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The following pages, initially prepared for limited circulation in 1961, contain brief extracts and summaries of those parts of Eugen Zintgraffís book NORD-KAMERUN (1895), of most interest concerning the colonial Bamenda and Wum Division. Zintgraffís book, the first by a European about the Grassfields, has not been translated and is hard to get second-hand. In using these notes the following points should be borne in mind: Zintgraffís knowledge of Bali (Mungaka) and Hausa was very slight, and his discussions of character, motives and political institutions are consequently superficial and open to criticisms. He had no means of checking what he was told, or thought he was told. He had no previous knowledge of any similar culture and no training in ethnographical method. He was, however, a good observer, and his descriptions of tools, dress, weapons and the like, can be regarded as fairly reliable. Finally, it must be remembered that Zintgraff wrote the book to justify his own actions and to support that small but influential section of public opinion in Germany which favoured rapid imperial expansion. A full account of the actions and motives of Zintgraffís opponents in the Kamerun Government and in the Colonial Bureau of the German Foreign Office has not been written: we only have one side of the story. But there are some suggestive points made in Rudinís GERMANS IN THE CAMEROONS and others referred to in these notes. What is perhaps most striking about Zintgraffís account is the fact that the people of the Western Grassfields were not so isolated from one another or their neighbours as might be thought. A network of trade-friendships covered the country and big men exchanged gifts over long distances. These links must be set beside the inse¨curity due to raids and slave-catching, and are well worth investigation.
Past and Present
Traces the dialectical connections between Zionism’s past and present. In Zionism, the late Nathan Rotenstreich traces the dialectical connections between Zionism’s past and present based on his contention that the Jewish nation comprises both the State of Israel and the Diaspora. He also addresses relations between both Israel and the Diaspora, on the one hand, and Israel and the Arab world, on the other. Written a short time before Rotenstreich’s death, Zionism can be regarded as his spiritual and ideological legacy.
Rawidowicz, Kaplan, Kohn
Today, Zionism is understood as a national movement whose primary historical goal was the establishment of a Jewish state. However, Zionism's association with national sovereignty was not foreordained. Zionism and the Roads Not Taken uncovers the thought of three key interwar Jewish intellectuals who defined Zionism's central mission as challenging the model of a sovereign nation-state: historian Simon Rawidowicz, religious thinker Mordecai Kaplan, and political theorist Hans Kohn. Although their models differed, each of these three thinkers conceived of a more practical and ethical paradigm of national cohesion that was not tied to a sovereign state. Recovering these roads not taken helps us to reimagine Jewish identity and collectivity, past, present, and future.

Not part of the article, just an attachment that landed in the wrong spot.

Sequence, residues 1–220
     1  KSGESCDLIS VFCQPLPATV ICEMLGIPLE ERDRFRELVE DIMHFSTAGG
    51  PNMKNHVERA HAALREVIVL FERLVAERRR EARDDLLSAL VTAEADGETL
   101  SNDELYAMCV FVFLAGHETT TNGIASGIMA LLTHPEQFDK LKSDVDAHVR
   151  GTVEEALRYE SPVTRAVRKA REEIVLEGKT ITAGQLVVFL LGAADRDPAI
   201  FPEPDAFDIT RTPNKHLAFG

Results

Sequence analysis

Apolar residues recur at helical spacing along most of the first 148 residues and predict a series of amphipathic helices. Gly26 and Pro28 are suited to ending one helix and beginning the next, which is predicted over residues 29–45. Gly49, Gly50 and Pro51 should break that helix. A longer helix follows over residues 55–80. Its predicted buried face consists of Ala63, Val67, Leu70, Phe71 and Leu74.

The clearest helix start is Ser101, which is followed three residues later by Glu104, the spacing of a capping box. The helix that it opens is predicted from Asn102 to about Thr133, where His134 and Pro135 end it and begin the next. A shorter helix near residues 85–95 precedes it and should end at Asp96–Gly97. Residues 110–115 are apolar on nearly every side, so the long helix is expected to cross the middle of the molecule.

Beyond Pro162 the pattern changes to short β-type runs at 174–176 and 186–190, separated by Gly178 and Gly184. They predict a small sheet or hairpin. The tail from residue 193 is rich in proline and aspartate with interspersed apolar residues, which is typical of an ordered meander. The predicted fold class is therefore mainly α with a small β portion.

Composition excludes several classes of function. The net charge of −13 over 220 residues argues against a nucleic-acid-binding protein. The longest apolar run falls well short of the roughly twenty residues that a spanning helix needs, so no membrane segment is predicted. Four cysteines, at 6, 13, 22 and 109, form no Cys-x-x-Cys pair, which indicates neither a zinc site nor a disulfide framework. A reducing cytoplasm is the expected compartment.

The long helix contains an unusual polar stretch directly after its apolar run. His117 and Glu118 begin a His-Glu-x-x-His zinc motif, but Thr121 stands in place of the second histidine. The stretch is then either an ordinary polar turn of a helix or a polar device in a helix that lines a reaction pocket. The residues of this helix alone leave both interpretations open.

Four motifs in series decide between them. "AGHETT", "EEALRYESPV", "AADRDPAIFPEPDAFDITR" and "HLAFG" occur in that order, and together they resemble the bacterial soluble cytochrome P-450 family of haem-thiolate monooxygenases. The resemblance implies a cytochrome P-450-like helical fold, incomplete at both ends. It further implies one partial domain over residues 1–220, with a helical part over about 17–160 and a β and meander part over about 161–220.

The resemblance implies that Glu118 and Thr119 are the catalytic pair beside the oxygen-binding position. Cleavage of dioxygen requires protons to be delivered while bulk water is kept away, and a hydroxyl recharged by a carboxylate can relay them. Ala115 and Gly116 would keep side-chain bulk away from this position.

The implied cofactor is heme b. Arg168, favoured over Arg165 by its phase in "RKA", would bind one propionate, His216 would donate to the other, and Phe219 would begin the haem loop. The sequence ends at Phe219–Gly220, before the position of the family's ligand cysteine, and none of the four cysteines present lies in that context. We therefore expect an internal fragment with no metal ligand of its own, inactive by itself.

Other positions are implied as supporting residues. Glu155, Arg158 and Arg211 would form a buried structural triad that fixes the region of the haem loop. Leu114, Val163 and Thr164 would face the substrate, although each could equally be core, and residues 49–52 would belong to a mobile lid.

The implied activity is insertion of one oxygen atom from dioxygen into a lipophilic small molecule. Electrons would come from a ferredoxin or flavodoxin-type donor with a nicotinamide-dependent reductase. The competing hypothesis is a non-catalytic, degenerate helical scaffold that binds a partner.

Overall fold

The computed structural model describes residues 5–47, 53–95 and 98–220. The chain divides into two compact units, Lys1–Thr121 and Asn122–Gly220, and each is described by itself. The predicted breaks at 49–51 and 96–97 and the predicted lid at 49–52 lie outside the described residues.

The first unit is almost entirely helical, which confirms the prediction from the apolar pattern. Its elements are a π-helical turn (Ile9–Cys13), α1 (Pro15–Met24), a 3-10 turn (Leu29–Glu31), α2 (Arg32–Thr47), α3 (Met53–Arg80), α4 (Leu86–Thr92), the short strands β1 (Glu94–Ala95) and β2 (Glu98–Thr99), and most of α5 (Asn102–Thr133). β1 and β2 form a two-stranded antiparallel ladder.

A Zionist among Palestinians offers the perspective of an ordinary Israeli citizen who became concerned about the Israeli military's treatment of Palestinians and was moved to work for peace. Hillel Bardin, a confirmed Zionist, was a reservist in the Israeli army during the first intifada when he met Palestinians arrested by his unit. He learned that they supported peace with Israel and the then-taboo proposal for a two-state solution, and that they understood the intifada as a struggle to achieve these goals. Bardin began to organize dialogues between Arabs and Israelis in West Bank villages, towns, and refugee camps. In 1988, he was jailed for meeting with Palestinians while on active duty in Ramallah. Over the next two decades, he participated in a variety of peace organizations and actions, from arranging for Israelis to visit Palestinian communities and homes, to the joint jogging group "Runners for Peace," to marches, political organizing, and demonstrations supporting peace, security, and freedom. In this very personal account, Bardin tries to come to grips with the conflict in a way that takes account of both Israeli-Zionist and Palestinian aims.